The Strokestown Estate, controlled over 11,000 acres across north-east Roscommon in the 18th century. But the Great Famine rocked its finances.
Its tyrannical landlord, Denis Mahon piled pressure on tenants who were struggling to survive in the already febrile atmosphere the Irish famine (1845 – 1847) had created.
When Mahon became the first Irish landlord to be assassinated during the famine in 1847, his murder provoked scandal and international debate.
But Mahon’s death marked the end of an era for Strokestown. Social changes were shifting power away from Ireland’s ‘Big Houses’, and, in the decades that followed, the influence Strokestown’s owners had wielded began to wane.
Conservation and commemoration
By the 1970s, this beautiful Roscommon house was at risk of ruin, but Strokestown House has been painstakingly conserved and senstively restored over the last 40 years. In fact, the Palladian mansion at Strokestown has been described as ‘the finest privately funded restoration project in Ireland’ (Curious Ireland).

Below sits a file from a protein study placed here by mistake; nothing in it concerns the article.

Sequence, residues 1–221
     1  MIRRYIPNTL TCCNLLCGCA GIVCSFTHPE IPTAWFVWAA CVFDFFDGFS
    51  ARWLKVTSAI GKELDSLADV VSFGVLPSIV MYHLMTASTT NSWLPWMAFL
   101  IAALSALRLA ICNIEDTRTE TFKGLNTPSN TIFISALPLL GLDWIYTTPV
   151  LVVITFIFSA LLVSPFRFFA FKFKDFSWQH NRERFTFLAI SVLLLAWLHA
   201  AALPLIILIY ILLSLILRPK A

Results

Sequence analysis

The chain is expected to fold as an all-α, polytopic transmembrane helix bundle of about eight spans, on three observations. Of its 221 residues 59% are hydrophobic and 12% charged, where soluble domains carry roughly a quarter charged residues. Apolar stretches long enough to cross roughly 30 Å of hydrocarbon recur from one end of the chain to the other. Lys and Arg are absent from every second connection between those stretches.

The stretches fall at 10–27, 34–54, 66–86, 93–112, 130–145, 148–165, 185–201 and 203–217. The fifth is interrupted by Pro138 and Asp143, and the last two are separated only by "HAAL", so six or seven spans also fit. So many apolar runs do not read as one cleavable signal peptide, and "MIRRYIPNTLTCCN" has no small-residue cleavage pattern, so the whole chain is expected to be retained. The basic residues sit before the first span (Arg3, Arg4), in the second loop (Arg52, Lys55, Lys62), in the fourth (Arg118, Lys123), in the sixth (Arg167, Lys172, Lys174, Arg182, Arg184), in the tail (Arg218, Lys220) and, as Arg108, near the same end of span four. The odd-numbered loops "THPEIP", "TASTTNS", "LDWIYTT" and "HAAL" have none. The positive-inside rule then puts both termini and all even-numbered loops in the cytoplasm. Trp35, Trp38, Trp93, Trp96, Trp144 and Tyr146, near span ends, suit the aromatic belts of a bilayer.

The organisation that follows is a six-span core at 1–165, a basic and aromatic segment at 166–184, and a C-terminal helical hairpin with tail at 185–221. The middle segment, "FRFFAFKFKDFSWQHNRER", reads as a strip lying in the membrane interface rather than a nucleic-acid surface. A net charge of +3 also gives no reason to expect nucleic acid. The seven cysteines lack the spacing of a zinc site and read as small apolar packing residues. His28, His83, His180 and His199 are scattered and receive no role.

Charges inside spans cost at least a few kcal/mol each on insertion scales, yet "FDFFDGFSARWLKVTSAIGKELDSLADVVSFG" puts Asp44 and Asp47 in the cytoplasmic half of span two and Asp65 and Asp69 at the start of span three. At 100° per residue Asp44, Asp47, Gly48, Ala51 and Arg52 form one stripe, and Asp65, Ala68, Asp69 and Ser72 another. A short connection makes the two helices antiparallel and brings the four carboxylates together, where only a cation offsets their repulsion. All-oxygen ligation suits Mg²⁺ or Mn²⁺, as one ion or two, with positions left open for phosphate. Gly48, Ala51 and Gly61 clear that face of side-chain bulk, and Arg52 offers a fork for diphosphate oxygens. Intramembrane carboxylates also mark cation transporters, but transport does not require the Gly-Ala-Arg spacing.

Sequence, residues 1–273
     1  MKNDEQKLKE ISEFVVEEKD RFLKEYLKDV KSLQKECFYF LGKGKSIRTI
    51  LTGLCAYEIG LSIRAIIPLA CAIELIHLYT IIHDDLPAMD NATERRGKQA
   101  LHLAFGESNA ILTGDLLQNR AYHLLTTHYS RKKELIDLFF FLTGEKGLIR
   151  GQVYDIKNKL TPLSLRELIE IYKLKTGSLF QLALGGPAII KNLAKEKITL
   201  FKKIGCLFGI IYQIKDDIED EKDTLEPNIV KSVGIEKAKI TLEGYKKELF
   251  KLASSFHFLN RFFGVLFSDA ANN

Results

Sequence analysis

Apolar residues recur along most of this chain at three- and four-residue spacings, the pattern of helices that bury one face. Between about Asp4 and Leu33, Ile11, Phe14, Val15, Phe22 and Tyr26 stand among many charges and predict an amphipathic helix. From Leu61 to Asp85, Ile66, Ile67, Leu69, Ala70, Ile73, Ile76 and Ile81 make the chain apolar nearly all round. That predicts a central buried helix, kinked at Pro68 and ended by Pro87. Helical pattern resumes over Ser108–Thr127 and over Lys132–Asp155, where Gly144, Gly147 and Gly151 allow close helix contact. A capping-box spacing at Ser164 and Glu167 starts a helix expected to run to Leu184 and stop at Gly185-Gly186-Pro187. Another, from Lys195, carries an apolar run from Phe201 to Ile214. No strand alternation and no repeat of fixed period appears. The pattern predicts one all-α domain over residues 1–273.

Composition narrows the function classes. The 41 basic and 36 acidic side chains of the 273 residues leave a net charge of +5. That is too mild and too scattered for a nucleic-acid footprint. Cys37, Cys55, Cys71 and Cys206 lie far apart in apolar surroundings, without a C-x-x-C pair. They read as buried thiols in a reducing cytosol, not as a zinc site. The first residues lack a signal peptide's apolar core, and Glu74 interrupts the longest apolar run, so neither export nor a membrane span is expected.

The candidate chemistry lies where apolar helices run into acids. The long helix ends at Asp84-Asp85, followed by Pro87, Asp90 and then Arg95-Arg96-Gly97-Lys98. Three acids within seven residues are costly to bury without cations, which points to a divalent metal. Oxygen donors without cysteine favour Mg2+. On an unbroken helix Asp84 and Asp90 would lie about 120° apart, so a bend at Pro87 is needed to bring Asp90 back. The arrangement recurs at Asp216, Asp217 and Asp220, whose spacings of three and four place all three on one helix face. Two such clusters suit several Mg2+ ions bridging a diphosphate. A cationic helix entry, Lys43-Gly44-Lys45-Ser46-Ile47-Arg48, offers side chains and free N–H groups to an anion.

Its former stable block is now home to the National Famine Museum, and the collections of artefacts and documents found within the house have helped to make Strokestown an important centre of learning, as well as a wonderful place to visit.
Our conservation story
Huge efforts have gone into the conservation of Strokestown House over a period of 40 years.
The house and its collections are now open to the public, to be enjoyed by locals and visitors alike, and Strokestown’s archive has become recognised as a globally significant resource for scholars of famine.
Strokestown House often plays host to scholars and activists who come to learn here and share ideas about the history of famine and efforts to eradicate hunger across the globe.